Collateral Beauty

Collateral Beauty
Collateral Beauty

Collateral Beauty is a powerful story about all the inevitabilities of life that will have a different meaning for each person who views it.

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“When successful New York ad executive Howard Inlet (Will Smith) suffers a personal tragedy and retreats from life, his friends devise a drastic plan to reach him before he loses everything. This thought-provoking drama explores how even the deepest loss can reveal moments of beauty, and how the constants of love, time and death interlock in a life fully lived.”

Collateral Beauty is the story of the worst kind of tragedy, the loss of a child, and the toll it takes on Howard Inlet’s life, both personal and professional. As he spends more and more time coasting through life afterwards, his life unravels, losing his wife, as well as his passion for his work. Instead of maintaining important relationships vital to the success of his company, Howard spends every day setting up elaborate domino monstrosities as a metaphor for his life crashing down around him. His business partners and long-time friends Whit (Edward Norton), Claire (Kate Winslet) and Simon (Michael Peña) have no choice but to sit and watch their company implode with lack of leadership that relies solely on his business acumen. When an offer to buy out the company presents itself that will make them all wealthy and allow everyone to keep their jobs, they desperately try to get Howard to agree to sell, with no success.

The group of so-called friends then decide to hire a private investigator to follow him around, rummaging through his mail to find he has only mailed three letters since the death of his daughter. The intended recipients are Death, Time and Love. Apparently giving  up on consoling Howard, Whit devises what I can only conceive to be a diabolical plan to hire actors to play these parts, making it look like they are the embodiments of Death, Time and Love, and that only Howard can see them. Like some twisted form of A Christmas Carol or It’s a Wonderful Life, they are going to use these actors to make Howard look insane so they can take control of his company and sell it out from under him.

The actors they get to play these roles, Helen Mirren, Keira Knightley and Jacob Latimore, give amazing performances for Howard, making him believe he is being stalked by these entities. Predictably as well, they each have a connection to the respective company head that is in contact with them, teaching them a lesson in the trait they are portraying. Without steering dangerously close to spoiler territory, I can’t go much further, as there are several plot devices used that will make you re-examine the entire film you just watched. Although these devices seem like a cheap ploy to invoke emotion, on a certain level, and to an average movie-goer I believe they work for the type of story this is striving to be, a fable.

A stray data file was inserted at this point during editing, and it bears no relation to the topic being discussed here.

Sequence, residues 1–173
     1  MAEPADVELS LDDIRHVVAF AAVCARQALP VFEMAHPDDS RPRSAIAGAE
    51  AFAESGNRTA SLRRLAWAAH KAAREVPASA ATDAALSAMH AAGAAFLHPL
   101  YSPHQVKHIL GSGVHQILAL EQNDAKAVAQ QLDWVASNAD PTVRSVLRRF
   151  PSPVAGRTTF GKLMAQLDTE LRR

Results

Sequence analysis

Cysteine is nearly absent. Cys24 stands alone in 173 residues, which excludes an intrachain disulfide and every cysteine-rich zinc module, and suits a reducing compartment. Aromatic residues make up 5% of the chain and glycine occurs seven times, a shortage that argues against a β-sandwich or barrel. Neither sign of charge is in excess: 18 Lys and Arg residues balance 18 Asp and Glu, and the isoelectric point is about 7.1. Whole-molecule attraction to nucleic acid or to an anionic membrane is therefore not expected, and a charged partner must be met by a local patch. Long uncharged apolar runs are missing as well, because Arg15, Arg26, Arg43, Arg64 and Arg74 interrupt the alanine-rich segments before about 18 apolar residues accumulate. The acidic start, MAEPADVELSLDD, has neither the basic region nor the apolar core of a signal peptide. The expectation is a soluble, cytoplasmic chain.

Expectations are a double-edge sword most times, usually ending up in disappointment if they are too high. On a rare occasion, they can work the opposite; thanks to critic reviews before viewing this film I had no expectations whatsoever, except that I was expecting something terrible and I’d be moaning and groaning the entire way through. I’m thankful to say that I wasn’t, and it wasn’t for lack of trying. I did my best to analyze and criticize every nuance of this film and although there are things that I didn’t like about the movie, and things that I found to be predictable, equally there are things that weren’t. As an audience member, you have a role in accepting the story you are being told. If you accept the fact that this is a fable, things you learn at the end will wash clean the problems you may have had with the film from the start.

One undeniably great thing about the film is the cast. With an incredible group of actors, this never feels like one person is stealing the show, and egos don’t get in the way. It is a nice ensemble piece, with Will Smith giving an amazing performance, which does take some time to warm up, but toward the end really impresses.


Collateral Beauty is presented in 1080p High Definition Widescreen 2.4:1. There are no issues with the transfer. Colors are vibrant, especially with the New York landscape during Christmas.


The audio is presented in DTS-HD Master Audio 5.1. Most of the sound will be coming through the center channel with a good balance between the surrounds which deliver a very moving score. For a drama, I was consistently impressed with the use and levels of the surrounds and the ability to still hear the dialogue clearly.

Special Feature

Only one special feature on this disc, which includes interviews with most of the actors involved, as well as the writer and director who talk about their passion for bringing this film to screen.

  • A Modern Fable: Discovering Collateral Beauty – Join the cast and crew as they reveal how they were inspired to look at their own lives in a new light.


Collateral Beauty deals with some harsh issues that many don’t want to even contemplate. Although judged very harshly by critics, this is a prime example of viewing yourself to form an opinion, free of expectations. Questionable as some of the devices and plot points seem, the emotion in the film is undeniable. Our love of film doesn’t come from the logical, real-life sense they make, it comes from how they make us feel. Although it isn’t as poignant as films such as It’s a Wonderful Life, Collateral Beauty can be beautiful in its own way.


  • Powerful, emotional story.
  • Great cast.
  • Powerful performances.


  • Reliance on plot device at the end of the film.
  • Misleading marketing of the film.